French President Emmanuel Macron has scrapped plans to raise the retirement age from 62 to 64, as tens of thousands of anti-government activists – many donning yellow vests – returned to the streets of Paris and elsewhere on Saturday to protest the proposed pension reforms, according to the New York Times.
The mood was militant, and the more violent demonstrators once again clashed with the police, even as they sowed a trail of damage through eastern Paris. A bank branch was sacked, and bus shelters smashed and fires set. Unions said 150,000 protesters were in the streets of Paris on Saturday. –NYT
Saturday’s demonstrations included exchanges between rock-throwing protesters and the police, who used tear gas, water cannons and other crowd control measures as the day wore on. At one point a building was set on fire.
The government of France plays a major role in retirement pensions – both providing and guaranteeing funds and overseeing the entire system.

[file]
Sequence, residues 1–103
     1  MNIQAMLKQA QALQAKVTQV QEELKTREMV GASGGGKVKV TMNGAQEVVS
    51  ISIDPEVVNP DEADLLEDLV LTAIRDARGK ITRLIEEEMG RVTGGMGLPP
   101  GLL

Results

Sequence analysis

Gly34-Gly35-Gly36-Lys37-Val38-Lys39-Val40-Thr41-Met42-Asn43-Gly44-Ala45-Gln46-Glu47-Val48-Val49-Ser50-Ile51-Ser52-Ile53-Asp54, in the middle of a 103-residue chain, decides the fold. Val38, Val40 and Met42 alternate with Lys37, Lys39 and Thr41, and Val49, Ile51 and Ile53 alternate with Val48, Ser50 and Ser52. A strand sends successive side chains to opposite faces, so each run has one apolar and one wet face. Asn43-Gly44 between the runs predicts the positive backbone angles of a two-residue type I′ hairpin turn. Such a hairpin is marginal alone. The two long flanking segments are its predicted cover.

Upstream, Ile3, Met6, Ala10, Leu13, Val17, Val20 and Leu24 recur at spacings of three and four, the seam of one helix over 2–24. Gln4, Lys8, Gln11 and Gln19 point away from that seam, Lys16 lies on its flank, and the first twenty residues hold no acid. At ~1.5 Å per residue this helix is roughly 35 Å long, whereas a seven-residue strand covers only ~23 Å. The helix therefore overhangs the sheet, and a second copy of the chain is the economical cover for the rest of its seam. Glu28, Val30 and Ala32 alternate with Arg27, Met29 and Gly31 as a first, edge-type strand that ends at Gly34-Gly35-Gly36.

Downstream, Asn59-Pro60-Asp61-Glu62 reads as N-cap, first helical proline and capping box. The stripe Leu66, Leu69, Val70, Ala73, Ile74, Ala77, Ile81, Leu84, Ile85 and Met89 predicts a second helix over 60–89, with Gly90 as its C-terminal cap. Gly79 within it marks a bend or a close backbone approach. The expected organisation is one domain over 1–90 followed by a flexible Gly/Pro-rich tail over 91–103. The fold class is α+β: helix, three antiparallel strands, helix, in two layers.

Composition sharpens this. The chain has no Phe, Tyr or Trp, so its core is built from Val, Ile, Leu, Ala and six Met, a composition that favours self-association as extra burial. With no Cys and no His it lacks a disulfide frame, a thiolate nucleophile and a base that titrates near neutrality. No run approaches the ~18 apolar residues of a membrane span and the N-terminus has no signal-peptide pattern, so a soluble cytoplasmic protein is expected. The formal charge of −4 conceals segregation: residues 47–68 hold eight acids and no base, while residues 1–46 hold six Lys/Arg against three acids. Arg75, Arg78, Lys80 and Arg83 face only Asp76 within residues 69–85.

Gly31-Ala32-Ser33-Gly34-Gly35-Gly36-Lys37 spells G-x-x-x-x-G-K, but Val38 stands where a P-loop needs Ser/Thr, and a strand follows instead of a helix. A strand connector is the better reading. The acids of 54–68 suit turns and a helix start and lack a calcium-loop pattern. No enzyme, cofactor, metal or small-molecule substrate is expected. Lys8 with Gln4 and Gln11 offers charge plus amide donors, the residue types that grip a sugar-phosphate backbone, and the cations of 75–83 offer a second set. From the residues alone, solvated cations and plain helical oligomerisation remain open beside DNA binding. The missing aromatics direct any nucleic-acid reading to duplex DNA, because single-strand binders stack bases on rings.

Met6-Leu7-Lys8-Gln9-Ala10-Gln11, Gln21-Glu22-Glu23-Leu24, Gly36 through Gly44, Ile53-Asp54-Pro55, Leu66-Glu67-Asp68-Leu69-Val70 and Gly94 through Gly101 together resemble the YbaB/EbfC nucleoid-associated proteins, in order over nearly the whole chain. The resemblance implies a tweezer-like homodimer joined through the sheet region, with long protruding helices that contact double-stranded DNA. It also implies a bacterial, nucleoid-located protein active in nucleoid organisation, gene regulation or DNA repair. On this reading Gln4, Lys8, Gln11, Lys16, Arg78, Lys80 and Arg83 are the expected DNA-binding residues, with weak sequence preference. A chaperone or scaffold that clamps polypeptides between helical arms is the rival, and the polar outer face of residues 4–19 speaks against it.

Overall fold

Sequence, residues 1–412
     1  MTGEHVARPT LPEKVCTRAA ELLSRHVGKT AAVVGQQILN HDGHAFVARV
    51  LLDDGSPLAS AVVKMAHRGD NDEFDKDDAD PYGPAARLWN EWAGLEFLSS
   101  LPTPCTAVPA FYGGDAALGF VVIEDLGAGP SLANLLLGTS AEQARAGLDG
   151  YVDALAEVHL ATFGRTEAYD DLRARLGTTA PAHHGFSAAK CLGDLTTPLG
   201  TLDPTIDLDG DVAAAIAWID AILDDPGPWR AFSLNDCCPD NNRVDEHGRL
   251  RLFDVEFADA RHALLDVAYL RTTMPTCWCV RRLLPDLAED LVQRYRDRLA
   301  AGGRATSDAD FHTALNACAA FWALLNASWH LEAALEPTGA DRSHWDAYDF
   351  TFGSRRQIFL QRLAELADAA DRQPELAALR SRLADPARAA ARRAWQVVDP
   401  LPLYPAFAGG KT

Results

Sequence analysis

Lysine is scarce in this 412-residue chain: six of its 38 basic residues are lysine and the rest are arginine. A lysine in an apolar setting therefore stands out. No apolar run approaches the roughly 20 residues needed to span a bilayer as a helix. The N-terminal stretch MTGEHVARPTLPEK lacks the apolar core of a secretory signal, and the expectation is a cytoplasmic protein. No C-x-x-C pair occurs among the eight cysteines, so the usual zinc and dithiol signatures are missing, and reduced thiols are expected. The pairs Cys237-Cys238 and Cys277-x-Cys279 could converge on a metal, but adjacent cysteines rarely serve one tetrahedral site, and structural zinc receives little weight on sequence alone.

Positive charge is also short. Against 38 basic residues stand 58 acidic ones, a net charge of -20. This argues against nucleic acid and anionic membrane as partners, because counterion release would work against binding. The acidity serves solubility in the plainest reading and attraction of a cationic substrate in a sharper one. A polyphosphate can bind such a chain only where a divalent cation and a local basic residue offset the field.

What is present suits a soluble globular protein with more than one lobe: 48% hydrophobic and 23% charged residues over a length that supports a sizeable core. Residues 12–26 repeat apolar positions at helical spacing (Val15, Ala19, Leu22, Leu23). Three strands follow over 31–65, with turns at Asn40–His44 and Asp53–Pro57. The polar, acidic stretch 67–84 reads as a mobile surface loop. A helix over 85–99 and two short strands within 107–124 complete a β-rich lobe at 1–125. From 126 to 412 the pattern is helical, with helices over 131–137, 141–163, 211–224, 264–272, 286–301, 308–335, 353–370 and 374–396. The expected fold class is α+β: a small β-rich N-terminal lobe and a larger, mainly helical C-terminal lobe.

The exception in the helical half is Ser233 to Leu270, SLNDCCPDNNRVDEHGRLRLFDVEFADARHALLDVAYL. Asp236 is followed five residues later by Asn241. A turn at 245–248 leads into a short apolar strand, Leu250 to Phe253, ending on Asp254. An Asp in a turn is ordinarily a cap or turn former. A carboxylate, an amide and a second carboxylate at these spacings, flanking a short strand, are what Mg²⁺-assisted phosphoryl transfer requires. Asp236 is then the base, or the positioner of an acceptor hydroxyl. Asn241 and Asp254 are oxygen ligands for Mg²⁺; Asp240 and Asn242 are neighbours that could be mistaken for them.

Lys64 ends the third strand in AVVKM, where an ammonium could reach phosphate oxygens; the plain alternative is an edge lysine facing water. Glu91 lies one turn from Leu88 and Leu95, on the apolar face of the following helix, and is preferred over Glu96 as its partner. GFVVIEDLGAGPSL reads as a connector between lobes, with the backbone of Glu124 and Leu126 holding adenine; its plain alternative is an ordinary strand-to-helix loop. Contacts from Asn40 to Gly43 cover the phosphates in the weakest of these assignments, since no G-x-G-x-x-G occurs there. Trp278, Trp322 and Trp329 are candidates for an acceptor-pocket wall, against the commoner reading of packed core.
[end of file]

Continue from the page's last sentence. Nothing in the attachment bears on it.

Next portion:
The bid to boost the retirement age infuriated moderate unions Macron relies on, despite his insistence that French citizens need to work longer in order to keep the pension system – which may be facing a $19 billion deficit – financially sound.
In a Saturday letter from Prime Minister Edouard Philippe, the Macron administration said that it would “withdraw” the new age limit, and postpone major decisions on how to keep the system solvent until it can better assess the situation “between now and the end of April.”
Macron described it as a “constructive compromise,” which French union CFDT applauded. The CGT union called the measure “a smokescreen,” however, which protesters agreed with as they took to the streets on Saturday.